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Isotopes

# Isotopes

AP.Chem:
SPQ‑1 (EU)
,
SPQ‑1.B (LO)
,
SPQ‑1.B.2 (EK)
Isotopes are atoms of the same element with different numbers of neutrons. Because they contain different numbers of neutrons, isotopes have different atomic masses. The average atomic mass of an element is calculated by taking the weighted average mass of the element's naturally occurring isotopes. Created by Sal Khan.

## Want to join the conversation?

• How were the atomic numbers of elements determined?
• The atomic number of an element is equal to the number of protons in a element
no. of protons = atomic no. of the element
• Why are protons not repelling in nucleus?
• They do repel but are held together by the strong nuclear force which is stronger than the force of repulsion between the protons.
• Why aren't there any videos for the lesson on moles and molar mass? I know it's off topic, but I'm having trouble understanding moles & molar mass.
• The mole is a unit for the amount of substance officially, or in other words how much of something there is. Similar to how a dozen of something tells you how many things there are, in a dozen's case 12. A mole is officially defined as 6.02214076 x 10^(23) particles, which is a very big number obviously. So if you have a dozen atoms you have 12 atoms, but if you have a mole of atoms you have 6.02214076 x 10^(23) atoms. Given how small and numerous atoms are we encounter them on the order of a mole often so it makes using it a convenient unit. Instead of saying I have 6.02214076 x 10^(23) atoms in this beaker, I can just say I have a mole of atoms in this beaker. This 6.02214076 x 10^(23) is also known as Avogadro's number, or Avogadro's constant.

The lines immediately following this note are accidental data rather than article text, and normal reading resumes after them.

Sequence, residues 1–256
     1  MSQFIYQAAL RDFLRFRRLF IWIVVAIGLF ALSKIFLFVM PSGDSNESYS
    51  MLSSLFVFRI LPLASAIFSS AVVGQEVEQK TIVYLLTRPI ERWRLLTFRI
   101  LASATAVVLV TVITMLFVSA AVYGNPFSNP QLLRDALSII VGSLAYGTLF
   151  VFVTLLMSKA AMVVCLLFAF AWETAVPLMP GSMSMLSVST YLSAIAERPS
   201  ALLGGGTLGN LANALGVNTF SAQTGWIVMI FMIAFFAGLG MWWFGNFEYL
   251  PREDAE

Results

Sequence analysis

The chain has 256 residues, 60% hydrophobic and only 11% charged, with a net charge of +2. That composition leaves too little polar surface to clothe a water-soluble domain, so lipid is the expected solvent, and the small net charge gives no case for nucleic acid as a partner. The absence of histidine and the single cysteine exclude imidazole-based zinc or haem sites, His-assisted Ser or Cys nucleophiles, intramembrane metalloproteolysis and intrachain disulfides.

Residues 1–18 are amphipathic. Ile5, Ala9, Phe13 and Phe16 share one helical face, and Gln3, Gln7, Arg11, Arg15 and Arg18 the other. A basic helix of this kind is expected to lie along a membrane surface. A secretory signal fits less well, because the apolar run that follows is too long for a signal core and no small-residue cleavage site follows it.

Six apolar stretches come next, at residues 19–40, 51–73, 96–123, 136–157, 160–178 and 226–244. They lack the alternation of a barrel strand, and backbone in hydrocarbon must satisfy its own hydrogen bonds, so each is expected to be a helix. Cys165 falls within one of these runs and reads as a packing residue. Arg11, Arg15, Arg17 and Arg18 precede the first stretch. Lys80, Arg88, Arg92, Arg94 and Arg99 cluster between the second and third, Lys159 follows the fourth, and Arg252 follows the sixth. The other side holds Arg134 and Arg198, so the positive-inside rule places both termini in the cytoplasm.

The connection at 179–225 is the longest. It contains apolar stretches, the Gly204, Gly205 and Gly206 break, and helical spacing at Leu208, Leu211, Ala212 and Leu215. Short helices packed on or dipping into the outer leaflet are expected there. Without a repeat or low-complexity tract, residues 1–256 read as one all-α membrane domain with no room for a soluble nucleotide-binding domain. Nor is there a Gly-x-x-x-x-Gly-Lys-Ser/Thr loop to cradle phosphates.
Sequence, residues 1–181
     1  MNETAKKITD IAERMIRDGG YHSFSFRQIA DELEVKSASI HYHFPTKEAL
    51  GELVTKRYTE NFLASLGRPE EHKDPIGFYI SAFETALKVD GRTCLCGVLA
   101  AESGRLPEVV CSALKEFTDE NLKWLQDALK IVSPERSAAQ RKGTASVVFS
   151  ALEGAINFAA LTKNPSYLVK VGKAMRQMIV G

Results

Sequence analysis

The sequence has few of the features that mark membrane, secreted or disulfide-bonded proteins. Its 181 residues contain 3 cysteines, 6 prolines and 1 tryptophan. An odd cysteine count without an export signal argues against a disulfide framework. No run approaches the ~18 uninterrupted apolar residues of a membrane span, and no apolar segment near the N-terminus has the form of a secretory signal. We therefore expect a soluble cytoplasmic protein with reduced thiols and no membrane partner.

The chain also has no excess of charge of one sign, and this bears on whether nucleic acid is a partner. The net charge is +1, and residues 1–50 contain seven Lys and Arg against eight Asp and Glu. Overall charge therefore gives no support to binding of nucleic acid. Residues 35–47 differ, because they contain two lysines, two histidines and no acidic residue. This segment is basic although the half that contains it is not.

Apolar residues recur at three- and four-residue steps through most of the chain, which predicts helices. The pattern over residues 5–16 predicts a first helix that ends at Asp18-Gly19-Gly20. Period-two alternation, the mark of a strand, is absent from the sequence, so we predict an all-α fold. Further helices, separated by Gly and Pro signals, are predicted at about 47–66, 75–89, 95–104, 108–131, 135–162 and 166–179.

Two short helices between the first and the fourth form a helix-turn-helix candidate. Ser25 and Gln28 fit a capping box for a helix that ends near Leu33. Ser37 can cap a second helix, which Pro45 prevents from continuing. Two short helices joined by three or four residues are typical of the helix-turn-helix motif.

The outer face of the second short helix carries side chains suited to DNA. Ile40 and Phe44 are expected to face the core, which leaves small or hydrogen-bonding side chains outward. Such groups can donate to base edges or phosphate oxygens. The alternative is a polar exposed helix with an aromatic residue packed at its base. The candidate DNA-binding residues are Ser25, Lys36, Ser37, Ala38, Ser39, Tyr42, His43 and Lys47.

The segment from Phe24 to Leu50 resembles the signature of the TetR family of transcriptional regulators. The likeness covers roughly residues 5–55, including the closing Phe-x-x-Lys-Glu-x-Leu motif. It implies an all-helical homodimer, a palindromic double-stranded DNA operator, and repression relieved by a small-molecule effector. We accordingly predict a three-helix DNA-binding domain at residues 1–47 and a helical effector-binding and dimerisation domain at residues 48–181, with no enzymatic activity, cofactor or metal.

Molar mass is the amount of mass contained within a mole amount of a certain substance. Molar mass is usually given in units of grams/mole, or g/mol. So if you have a molecule with a molar mass of 10.00 g/mol then what it's telling you is that if you gather together a moles amount of those molecules, 6.02214076 x 10^(23) molecules, then it will have a mass of 10.00 grams.

Hope that helps.
• At -
Any ideas as to why the mass of protons and neutrons together in the nucleus is a little less than one universal atomic mass unit? Even though individually, the mass of a proton of neutron is a little more than 1 universal atomic mass unit.
• It’s because of mass defect/binding energy, basically some mass is lost as energy when the protons and neutrons come together to form the nucleus.
• I see he writes it like, "chlorine -35" except there's what looks like a line above I and n. What is that line for?
• I think that was supposed to be him dotting the i.
• Does that mean that all elements are isotopes?
• All atoms of a certain element will be isotopes of that element. Eg consider carbon atoms on earth, some will have 6 neutrons, some will have 7, and some will have 8.
• How did you get the percentages?
• How do we have any idea about the number of protons an element has?Or electrons even?
• Number of protons is the atomic number of the element, and if it has not reacted then: Number of protons = Number of electrons.
(1 vote)
• So, the average atomic mass of say carbon is the mass of all carbon atoms in nature right?
And this mass is a weighted average based on the relative abundances of the isotopes of carbon.
The fact that the relative abundance (which are expressed as percentages) are used as fractions, makes the average mass not bigger than it's supposed to.
Am i right?